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Journal of Biosecurity, Biosafety and Biodefense Law

Editor-in-Chief: Sutton, Victoria

Ed. by Sherwin, Brie

1 Issue per year

Online
ISSN
2154-3186
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Quarantine Powers, Biodefense, and Andrew Speaker

Brad Kvinta
Published Online: 2011-01-27 | DOI: https://doi.org/10.2202/2154-3186.1002

In January 2007, “Andrew Speaker (“Speaker”) underwent a chest X-ray and CT scan, which revealed an abnormality in his lungs.” However, tests results indicated that he did not have tuberculosis (“TB”). In March 2007, Fulton County officials informed Andrew Speaker that he was diagnosed with a form of non-infectious form of tuberculosis. He was prescribed a regimen of “first-line anti-TB drugs.” Fulton County officials confirmed the positive TB result, and further tests were ordered. These tests indicated that Speaker had MDR-TB. Fulton County officials told Speaker not to travel abroad for his upcoming wedding in Europe; however, he ignored them. Unbeknownst to any health official, Speaker departed Atlanta for Europe on May 12, 2007. Two weeks later, the Center for Disease Control (“CDC”) informed him that his diagnosis had changed and that he had a drug-resistant form of tuberculosis named XDR-TB. Speaker was in Rome at the time. CDC officials directed him to turn himself into Italian authorities for isolation and asked that he not return home on commercial airlines. Speaker was even placed on a no fly list by the CDC. Again, Speaker ignored CDC officials and returned to the United States via Canada. From Prague, Speaker flew back to Montreal on two commercial aircrafts, and on May 25, 2007, Speaker entered the United States from Canada by car. “Despite being aware of the border alert, the border guard allowed Speaker into the United States.” Once in the United States, CDC officials served Speaker with an isolation order and hospitalized him at Bellevue Hospital in New York City. CDC officials placed him in a secure part of the hospital, where he underwent a medical evaluation to determine the status of his TB. Speaker was then allowed to return to Atlanta, where he faced intense media scrutiny. He then was transferred to the National Jewish Medical Center in Denver for further treatment of his XDR-TB. Eventually, however, officials downgraded his diagnosis to MDR-TB as they had originally. Speaker had surgery to remove the lung infected with MDR-TB at the end of July, and he was declared non-contagious.Clearly, Speaker sparked significant interest in public health on both the national and international levels. Speaker’s initial disregard for United States authority created an opportunity for criticism of local, state, and federal public health laws, while Speaker’s subsequent disregard of authorities while abroad allowed for questioning of international public health law and in particular, the effectiveness of the International Health Regulations. This overview explains certain areas of national and international public health law, and Speaker’s impact on these areas.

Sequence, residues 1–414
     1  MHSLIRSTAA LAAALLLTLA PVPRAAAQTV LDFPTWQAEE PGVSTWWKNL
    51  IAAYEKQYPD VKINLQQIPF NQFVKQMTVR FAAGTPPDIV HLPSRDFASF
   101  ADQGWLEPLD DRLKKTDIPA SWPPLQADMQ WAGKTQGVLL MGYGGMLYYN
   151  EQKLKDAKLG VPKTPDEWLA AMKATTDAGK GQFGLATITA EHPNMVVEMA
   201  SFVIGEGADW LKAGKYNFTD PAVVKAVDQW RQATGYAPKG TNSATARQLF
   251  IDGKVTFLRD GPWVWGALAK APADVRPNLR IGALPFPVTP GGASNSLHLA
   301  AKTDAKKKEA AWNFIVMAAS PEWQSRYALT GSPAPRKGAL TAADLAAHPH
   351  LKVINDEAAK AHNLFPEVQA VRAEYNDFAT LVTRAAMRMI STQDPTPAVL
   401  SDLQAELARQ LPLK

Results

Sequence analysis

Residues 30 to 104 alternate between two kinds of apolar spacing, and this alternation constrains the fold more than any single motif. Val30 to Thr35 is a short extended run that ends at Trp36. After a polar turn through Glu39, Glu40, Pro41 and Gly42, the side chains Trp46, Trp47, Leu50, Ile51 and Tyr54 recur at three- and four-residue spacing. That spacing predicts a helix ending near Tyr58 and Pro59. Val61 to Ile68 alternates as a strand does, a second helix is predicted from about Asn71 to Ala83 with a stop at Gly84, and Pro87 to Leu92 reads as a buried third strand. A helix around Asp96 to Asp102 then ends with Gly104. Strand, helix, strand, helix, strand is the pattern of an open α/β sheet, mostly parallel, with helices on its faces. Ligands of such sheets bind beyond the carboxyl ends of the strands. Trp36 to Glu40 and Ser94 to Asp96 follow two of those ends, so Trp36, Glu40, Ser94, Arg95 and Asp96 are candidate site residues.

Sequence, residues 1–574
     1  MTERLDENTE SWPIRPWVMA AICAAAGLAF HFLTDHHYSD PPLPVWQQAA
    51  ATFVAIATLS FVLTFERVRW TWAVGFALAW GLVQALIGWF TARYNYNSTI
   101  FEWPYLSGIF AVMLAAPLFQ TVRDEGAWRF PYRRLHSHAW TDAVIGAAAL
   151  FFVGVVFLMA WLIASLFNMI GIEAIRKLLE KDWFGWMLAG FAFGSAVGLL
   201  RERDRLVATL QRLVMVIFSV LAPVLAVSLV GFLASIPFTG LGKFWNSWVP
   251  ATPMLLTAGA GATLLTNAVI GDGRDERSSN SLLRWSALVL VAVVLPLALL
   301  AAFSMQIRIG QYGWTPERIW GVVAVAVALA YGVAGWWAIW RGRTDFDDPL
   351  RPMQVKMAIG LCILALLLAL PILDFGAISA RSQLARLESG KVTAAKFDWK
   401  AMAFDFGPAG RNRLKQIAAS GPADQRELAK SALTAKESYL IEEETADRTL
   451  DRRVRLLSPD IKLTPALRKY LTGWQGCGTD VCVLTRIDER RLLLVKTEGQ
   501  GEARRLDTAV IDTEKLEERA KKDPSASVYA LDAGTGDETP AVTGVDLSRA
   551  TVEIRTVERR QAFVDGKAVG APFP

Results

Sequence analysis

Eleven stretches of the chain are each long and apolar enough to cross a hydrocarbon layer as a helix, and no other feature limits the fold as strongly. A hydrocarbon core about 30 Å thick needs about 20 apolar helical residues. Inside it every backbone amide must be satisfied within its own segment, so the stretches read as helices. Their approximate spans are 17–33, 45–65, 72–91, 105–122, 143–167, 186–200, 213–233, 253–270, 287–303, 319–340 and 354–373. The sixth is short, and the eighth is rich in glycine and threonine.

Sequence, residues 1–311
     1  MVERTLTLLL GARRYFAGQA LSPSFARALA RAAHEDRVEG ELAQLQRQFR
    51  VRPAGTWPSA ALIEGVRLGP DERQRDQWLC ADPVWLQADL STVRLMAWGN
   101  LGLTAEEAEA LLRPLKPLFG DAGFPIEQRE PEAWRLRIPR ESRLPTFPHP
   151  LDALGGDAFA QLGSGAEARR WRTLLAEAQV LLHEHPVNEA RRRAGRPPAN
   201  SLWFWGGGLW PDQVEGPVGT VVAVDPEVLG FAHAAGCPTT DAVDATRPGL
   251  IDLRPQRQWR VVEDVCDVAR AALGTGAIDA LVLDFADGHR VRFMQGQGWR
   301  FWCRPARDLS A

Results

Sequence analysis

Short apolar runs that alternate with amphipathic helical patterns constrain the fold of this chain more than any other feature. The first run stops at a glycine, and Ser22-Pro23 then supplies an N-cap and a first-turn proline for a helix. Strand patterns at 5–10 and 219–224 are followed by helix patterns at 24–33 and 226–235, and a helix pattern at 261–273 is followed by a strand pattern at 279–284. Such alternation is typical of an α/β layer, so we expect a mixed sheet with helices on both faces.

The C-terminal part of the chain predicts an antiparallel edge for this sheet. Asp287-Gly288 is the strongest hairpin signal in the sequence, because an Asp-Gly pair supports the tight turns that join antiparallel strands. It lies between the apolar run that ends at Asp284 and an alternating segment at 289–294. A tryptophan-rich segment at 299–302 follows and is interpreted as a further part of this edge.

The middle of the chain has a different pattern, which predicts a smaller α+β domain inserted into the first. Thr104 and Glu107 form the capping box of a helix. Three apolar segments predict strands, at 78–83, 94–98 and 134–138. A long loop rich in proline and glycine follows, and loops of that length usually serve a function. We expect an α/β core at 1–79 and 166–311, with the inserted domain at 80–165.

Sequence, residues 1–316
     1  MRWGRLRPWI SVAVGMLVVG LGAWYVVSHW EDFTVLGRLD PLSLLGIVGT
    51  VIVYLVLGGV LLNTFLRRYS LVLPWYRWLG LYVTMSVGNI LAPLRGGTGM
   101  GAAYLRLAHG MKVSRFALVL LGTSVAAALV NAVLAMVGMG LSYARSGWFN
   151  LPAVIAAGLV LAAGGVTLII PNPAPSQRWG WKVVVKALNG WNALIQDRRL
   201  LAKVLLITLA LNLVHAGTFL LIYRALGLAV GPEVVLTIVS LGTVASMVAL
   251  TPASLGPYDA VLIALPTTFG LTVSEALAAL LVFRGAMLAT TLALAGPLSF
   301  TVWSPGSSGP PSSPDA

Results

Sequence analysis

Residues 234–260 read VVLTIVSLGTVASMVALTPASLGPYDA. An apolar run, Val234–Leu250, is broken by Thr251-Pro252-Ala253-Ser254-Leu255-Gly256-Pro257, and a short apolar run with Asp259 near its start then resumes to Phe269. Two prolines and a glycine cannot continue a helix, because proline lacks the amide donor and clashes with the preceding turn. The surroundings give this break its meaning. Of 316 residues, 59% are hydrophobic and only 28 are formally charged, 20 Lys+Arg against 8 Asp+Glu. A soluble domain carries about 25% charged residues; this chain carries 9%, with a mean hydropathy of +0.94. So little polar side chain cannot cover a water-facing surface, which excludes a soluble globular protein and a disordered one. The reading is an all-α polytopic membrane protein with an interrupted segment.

Keywords: quarantine powers; biodefense; Andrew Speaker; public health; CDC; tuberculosis

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Published Online: 2011-01-27


Citation Information: Journal of Biosecurity, Biosafety and Biodefense Law, ISSN (Online) 2154-3186, DOI: https://doi.org/10.2202/2154-3186.1002.

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©2011 Walter de Gruyter GmbH & Co. KG, Berlin/Boston. Copyright Clearance Center

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